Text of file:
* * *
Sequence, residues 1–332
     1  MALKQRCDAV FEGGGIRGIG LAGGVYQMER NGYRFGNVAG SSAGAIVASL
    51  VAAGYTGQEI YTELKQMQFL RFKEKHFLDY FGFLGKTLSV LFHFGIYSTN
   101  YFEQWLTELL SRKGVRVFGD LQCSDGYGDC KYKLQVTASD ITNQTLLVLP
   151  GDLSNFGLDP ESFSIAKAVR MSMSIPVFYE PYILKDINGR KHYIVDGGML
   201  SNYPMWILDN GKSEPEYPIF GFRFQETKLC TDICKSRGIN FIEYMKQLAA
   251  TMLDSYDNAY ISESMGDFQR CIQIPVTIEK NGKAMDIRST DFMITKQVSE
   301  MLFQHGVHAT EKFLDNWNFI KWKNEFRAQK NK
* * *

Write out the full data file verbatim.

Sequence, residues 1–332
     1  MALKQRCDAV FEGGGIRGIG LAGGVYQMER NGYRFGNVAG SSAGAIVASL
    51  VAAGYTGQEI YTELKQMQFL RFKEKHFLDY FGFLGKTLSV LFHFGIYSTN
   101  YFEQWLTELL SRKGVRVFGD LQCSDGYGDC KYKLQVTASD ITNQTLLVLP
   151  GDLSNFGLDP ESFSIAKAVR MSMSIPVFYE PYILKDINGR KHYIVDGGML
   201  SNYPMWILDN GKSEPEYPIF GFRFQETKLC TDICKSRGIN FIEYMKQLAA
   251  TMLDSYDNAY ISESMGDFQR CIQIPVTIEK NGKAMDIRST DFMITKQVSE
   301  MLFQHGVHAT EKFLDNWNFI KWKNEFRAQK NK